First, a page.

What is a “church planter profile”?
Abraham Lincoln famously said, “Give me six hours to chop down a tree, and I will spend the first four sharpening the axe.” That quote is a good summary of the advice given and expectations outlined in the profile below. Sketching out a “profile” of a church planter allows the network to state its aim and measure expectations accurately; it also affords any prospective planter with the knowledge and resources necessary to prepare themselves for planting with Sojourn Network.
It is our desire that each prospective planter ready themselves in the areas of head, heart, hands, and habitat as detailed below.
The Church Planter’s
The planter aligns with Sojourn Network’s statement of faith and doctrinal distinctives. In broad strokes, he is reformed in soteriology, baptistic, complementarian, connectional, continuationist, and committed to planting an elder-led church by practicing plurality.
The planter believes all theology is practical and all practice is theological. His convictions are consistent and cognizant to the theological framework of the Sojourn Network consisting of Whole Vision (God’s Glory, Our Growth, and Great Commission) displayed by the Whole Gospel (Kingdom, Cross, Grace), forming the whole church (Worshiper, Disciple, Family, Servant, Witness) fueled into the Whole World (Home, Work, Neighborhood, Need, and Nations) and changing a the Whole Person from the inside out into every part of their lives (see Sojourn Network’s theological vision, North Star). The planter articulates a missional urgency for the holistic restoration of broken people, places, and things. Embracing a theology of presence, he is convinced his church is in this specific city/region for the glory of God and the good of that city/region. In whatever ways possible, he is committed to cultivating environments to overcome ethnic, generational, socio-economic, and gender barriers.
GatHERED/SCATTERED MINISTRY PHILOSOPHY
As the planter works his theological convictions through a holistic theological framework, certain Scripturally-rooted, local ministry strategies necessarily manifest themselves. These shared strategies in Sojourn Network churches include gathering together (Hebrews 10:25; Acts 2:46), preaching/teaching (John 21:15-17; 2 Tim. 4:1-2), scattering together (Acts 2:46-47), equipping (Eph. 4:11-12), leading the church (1 Peter 5:13), discipling the saints (Matt. 28:19), engaging the culture (Jer. 29:4-7), serving the poor (James 1:27; also, see Beyond Charity by Nathan Ivey), and multiplying the church locally, nationally, internationally (Acts 1:8). Rather than leading our churches to adopt the same local programs and practices, however, these shared biblical strategies help inform and lead to a diverse and highly contextualized suite of local church programs and ministry practices common in Sojourn Network churches. Further, these strategies reflect the theological convictions and holistic theological vision outlined above.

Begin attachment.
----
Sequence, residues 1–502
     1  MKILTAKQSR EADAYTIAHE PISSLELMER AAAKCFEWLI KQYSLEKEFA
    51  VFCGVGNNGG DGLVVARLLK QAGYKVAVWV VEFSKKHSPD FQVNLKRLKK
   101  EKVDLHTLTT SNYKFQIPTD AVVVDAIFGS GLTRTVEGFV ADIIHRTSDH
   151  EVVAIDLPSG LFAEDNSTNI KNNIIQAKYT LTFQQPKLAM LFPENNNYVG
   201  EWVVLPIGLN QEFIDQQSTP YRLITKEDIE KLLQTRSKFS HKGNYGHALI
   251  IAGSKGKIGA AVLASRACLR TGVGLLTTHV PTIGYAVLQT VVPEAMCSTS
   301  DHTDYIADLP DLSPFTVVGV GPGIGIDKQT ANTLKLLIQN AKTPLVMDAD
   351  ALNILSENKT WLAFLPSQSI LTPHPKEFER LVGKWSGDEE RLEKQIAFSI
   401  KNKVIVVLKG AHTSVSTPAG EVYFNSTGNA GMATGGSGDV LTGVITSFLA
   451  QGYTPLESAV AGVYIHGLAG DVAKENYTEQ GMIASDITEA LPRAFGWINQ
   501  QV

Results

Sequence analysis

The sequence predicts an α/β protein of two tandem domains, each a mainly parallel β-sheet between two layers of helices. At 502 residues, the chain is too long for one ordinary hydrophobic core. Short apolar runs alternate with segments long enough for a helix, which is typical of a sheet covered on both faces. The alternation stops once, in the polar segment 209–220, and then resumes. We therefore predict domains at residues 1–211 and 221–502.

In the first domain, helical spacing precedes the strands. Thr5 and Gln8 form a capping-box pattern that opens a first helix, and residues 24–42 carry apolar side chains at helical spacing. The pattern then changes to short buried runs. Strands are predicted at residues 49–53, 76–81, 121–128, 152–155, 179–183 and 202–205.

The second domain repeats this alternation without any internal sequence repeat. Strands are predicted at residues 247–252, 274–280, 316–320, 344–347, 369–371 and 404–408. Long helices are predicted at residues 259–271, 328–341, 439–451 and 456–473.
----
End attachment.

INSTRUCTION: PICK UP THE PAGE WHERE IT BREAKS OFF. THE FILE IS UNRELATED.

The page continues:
With a conviction about gospel saturation and possessing a robust ecclesiology, the planter seeks to multiply disciples and churches. He understands redemptive history and his God-given place within it, and he seeks to obey the Great Commission in his personal example and does the work of an evangelist (2 Tim. 4: 5; see Being a Gospel Witness by Daniel Montgomery). In his evangelistic and discipleship fervor, he is devoted to and dependent upon the Lord, knowing the results are in the Father’s hands (see A Theology of Church Multiplication by Jamin Stinziano).
The Church Planter’s
The planter has a clear love for Jesus. The fruit of the Spirit is growing and evident in his life. There are discernable marks of a growing dependence upon the Holy Spirit. His character is marked by faithfulness to the Lord and a commitment to pursue intimacy with him. He actively engages with God through the Scriptures, prayer, and other spiritual-disciplines. His life—physical, emotional, sexual, financial, rhythms of work and rest (see Why Retreat? by Mike Cosper) etc.—reflects this vibrancy and others appear to be spiritually provoked by him.